We.cannot agree with the suggestion that. Cowling’s *200testimony was unreliable because he expected some advantage. It does not follow, as counsel contends, that he would not have testified unless he expected leniency. The fact that an accomplice testifies for the People in a case does not warrant such conclusion. Cowling stated that he had made no deal with the State’s Attorney and this testimony stands unimpeached and uncontradicted.
Even though an accomplice expects or has been promised leniency, a conviction based upon his testimony will not necessarily be reversed. (People v. Johnston, 382 Ill. 233; People v. Wagman, 311 Ill. 330.) As stated in Wagman, the fact alone that an accomplice has been promised leniency does not necessarily require that his testimony should be disregarded. It is, of course, proper to consider such fact, if it is the fact, in determining the weight and credibility to be given to the testimony of the witness.
Moreover, Cowling’s testimony was corroborated. The details of the robbery, as related by him, coincided with the facts stated by the service station attendant, with reference to the number of men who entered the station, what was said, the description of the guns used and of the property taken. Cowling testified that the stolen money was divided at the apartment house on Calumet Avenue where a relative of Williams lived. Williams admitted that his stepsister had an apartment there and that he visited her, as well as other relatives who lived there from time to time.
Cowling testified that a hand gun and a shotgun were used in the robbery and he identified the guns which were taken from Williams’s car and produced at the trial as having the appearance of those he saw on the night of the robbery. These and other corroborating facts and circumstances lend credence to Cowling’s testimony that Williams was an actual participant in the crime.
Williams denied that he participated in the robbery, and *201also interposed an alibi as a defense. If the defense of alibi is to supceed, it must be established by facts which would create a reasonable doubt that the defendant committed the crime charged. People v. Thomas, 7 Ill.2d 278.
Williams’s statement that he was in Aurora at the time the crime was committed is entirely unsupported. He testified that he lived there with a “landlady” but failed to call her as a witness. He also stated that John Harris, his stepbrother, had seen him in Aurora on the evening of March 29, but Harris did not testify. Neither did James Hall appear as a witness to corroborate Williams’s story that Hall had driven him to Chicago on the evening of March 30. Without supporting evidence or testimony, the claim of alibi can be given little weight and its worth was dependent upon the credibility of defendant as a witness. In making such determination, it is proper to consider his interest and the extent to which he is corroborated or contradicted by other facts or circumstances in evidence.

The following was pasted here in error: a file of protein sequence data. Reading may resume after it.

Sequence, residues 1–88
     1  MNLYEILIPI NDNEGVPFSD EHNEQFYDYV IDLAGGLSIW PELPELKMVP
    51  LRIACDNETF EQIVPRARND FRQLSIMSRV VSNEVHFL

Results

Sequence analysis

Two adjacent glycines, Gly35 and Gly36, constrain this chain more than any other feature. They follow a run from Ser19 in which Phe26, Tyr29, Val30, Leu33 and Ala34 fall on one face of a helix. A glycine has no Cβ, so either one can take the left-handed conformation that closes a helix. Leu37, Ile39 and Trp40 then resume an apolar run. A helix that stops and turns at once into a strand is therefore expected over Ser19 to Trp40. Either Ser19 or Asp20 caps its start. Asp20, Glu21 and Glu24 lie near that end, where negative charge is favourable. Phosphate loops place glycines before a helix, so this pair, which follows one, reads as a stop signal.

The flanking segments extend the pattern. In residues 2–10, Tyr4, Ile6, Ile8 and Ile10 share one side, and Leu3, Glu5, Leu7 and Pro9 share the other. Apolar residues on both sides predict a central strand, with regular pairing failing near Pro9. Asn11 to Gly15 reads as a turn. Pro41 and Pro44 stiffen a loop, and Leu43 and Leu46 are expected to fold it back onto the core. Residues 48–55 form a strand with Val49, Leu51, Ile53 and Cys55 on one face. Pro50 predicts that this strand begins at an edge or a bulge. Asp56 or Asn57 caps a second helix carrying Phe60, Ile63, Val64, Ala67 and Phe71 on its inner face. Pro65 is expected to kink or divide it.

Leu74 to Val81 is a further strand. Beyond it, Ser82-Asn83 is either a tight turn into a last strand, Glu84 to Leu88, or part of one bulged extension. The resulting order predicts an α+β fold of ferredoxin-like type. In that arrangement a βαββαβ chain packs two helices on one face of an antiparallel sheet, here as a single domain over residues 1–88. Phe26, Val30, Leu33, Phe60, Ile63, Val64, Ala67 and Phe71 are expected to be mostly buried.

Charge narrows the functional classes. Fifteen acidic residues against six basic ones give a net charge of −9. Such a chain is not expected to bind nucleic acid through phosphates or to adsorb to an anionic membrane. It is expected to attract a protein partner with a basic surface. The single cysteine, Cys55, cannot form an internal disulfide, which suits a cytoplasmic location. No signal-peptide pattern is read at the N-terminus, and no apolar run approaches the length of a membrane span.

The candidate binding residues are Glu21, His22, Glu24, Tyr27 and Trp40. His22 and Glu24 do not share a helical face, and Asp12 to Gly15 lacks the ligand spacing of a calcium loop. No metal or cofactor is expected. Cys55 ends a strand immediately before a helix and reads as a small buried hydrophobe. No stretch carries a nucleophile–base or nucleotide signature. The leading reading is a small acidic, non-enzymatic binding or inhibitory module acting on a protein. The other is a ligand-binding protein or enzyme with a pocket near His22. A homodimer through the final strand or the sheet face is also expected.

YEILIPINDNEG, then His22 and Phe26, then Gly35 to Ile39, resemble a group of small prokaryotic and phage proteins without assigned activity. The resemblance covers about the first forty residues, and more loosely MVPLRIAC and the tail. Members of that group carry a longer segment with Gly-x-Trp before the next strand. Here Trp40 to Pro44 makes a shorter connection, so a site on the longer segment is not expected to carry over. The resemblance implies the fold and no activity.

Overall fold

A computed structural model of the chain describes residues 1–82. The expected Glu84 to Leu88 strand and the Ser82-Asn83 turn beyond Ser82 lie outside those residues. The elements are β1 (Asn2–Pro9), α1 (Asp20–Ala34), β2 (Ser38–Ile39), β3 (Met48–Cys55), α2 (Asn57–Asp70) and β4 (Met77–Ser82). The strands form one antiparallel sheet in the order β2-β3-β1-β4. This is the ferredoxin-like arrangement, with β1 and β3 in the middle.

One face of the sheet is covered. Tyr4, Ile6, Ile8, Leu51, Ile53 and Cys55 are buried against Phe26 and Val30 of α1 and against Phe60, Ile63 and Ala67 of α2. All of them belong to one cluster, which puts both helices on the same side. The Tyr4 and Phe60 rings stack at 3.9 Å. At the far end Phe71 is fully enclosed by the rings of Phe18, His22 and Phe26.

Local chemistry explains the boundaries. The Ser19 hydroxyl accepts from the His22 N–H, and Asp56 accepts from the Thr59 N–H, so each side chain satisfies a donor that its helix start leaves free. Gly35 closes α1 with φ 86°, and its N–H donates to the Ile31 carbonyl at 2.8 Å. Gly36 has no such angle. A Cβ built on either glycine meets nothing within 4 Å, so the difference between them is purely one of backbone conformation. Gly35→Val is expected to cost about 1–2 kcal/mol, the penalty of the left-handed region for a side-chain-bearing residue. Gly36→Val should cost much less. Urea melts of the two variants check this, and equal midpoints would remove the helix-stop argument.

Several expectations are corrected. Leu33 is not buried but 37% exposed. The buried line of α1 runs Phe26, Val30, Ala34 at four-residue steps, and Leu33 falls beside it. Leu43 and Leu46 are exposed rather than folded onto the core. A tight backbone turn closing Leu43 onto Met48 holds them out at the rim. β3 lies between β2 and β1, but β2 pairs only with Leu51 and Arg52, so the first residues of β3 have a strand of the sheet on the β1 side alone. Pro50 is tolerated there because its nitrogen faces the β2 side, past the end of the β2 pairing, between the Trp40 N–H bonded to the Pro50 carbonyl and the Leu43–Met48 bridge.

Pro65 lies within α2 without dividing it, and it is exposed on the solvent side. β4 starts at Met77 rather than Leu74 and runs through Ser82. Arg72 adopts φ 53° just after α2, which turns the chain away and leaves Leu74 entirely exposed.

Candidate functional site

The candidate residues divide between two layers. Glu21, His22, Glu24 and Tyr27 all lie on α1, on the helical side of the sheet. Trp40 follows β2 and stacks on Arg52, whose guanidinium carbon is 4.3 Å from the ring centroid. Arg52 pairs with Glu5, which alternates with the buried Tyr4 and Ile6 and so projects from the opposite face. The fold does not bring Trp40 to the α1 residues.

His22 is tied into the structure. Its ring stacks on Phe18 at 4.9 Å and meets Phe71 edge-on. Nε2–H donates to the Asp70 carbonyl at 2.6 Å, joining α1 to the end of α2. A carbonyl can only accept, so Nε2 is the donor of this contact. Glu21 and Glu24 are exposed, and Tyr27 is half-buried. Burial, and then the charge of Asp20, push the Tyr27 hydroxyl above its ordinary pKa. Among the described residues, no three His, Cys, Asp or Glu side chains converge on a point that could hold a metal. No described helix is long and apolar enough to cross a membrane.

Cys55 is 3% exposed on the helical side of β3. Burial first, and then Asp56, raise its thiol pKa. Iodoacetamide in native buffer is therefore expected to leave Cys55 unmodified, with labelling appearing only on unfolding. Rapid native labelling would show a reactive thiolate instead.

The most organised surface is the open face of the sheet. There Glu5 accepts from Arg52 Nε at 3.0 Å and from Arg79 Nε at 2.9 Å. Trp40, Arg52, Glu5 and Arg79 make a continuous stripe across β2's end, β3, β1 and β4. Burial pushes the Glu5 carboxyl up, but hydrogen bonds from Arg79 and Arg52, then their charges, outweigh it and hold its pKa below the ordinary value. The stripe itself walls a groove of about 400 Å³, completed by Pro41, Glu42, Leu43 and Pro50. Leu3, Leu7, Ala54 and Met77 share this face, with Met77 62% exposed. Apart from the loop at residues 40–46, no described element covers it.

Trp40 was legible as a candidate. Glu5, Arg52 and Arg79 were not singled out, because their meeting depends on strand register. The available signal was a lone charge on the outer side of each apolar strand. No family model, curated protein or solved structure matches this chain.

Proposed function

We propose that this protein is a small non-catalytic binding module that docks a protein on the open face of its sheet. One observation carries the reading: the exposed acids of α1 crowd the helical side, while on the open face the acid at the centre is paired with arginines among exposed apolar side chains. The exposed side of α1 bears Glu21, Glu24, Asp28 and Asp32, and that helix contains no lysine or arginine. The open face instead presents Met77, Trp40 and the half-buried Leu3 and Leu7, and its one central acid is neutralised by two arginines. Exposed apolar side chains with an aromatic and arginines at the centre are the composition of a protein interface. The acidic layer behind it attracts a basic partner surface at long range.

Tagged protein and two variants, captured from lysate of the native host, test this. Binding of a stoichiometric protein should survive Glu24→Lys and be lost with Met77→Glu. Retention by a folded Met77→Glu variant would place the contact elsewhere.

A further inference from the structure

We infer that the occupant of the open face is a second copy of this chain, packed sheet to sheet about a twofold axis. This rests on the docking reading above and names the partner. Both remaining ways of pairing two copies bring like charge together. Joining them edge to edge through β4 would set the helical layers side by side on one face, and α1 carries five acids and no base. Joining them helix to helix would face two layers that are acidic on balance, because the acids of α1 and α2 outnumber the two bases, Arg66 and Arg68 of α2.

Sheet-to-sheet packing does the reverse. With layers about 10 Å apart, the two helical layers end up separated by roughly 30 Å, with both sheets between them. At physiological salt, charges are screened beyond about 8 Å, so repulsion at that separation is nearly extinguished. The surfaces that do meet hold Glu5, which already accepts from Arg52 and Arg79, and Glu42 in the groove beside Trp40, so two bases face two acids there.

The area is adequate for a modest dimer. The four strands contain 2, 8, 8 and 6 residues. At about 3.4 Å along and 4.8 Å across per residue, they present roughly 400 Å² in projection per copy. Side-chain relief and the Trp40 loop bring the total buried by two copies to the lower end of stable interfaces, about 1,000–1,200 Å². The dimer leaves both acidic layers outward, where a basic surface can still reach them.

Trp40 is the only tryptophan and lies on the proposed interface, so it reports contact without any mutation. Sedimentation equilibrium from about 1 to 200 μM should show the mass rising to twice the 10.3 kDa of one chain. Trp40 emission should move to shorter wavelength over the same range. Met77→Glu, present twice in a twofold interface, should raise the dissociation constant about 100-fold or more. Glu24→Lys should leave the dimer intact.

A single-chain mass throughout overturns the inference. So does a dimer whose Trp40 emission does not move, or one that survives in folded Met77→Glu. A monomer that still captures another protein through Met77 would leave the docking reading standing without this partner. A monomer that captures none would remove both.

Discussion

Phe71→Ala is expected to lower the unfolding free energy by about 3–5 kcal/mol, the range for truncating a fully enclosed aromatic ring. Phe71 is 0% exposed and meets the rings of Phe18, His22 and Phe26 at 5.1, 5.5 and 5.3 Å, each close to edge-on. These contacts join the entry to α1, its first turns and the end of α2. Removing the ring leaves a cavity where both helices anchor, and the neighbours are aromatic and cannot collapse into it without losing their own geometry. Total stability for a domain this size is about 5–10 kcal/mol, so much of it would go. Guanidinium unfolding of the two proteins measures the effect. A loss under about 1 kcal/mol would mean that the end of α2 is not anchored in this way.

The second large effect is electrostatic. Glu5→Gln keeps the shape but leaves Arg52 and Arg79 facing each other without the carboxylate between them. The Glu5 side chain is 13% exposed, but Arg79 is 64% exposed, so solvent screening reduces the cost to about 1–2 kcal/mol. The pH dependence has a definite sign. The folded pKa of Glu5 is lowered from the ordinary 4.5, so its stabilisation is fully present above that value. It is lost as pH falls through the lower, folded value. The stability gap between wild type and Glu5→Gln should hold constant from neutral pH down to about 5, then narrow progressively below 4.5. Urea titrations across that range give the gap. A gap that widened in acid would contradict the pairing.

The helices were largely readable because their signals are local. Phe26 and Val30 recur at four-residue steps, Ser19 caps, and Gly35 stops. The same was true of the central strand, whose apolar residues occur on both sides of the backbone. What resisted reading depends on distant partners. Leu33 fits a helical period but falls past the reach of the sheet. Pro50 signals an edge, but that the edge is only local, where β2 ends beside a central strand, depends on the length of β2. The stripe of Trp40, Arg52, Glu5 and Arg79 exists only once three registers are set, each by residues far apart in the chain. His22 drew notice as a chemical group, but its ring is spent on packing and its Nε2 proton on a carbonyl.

His entire testimony must be weighed in the light of the fact that he stated that he had never been in the pool room on 43rd Street, whereas its manager testified that he had seen him there several times for two or three months prior to March 29, 1956. There is much in Williams’s testimony, especially that given on cross-examination, which renders it vague, uncertain and unsatisfactory. When hard pressed on cross-examination, he was evasive and his testimony lacked that ring of truth which would inspire belief in his innocence and lend credence to his claim of alibi.
The evidence for the People, if believed, is clearly sufficient to establish the guilt of the defendant beyond a reasonable doubt and there is no reason to disbelieve it in view of the corroborating facts and circumstances. Unless there is reasonable doubt as to defendant’s guilt based upon the evidence, it is our duty to affirm the judgment, if the record is free from substantial prejudicial error.
*202The record of defendant’s prior conviction- of a felony in the State of Ohio was admissible and was competent for the.purpose of. impeaching his credibility as a witness. (Ill. Rev. Stat. 1955, chap. 38, par. 734; People v. Wheeler, 5 Ill.2d 474; People v. Lane, 400 Ill. 170.). Here the defendant testified on his own behalf and his credibility thereby became an issue. The record of conviction is free from any prejudicial error.
The judgment of the criminal court of Cook County-will be affirmed.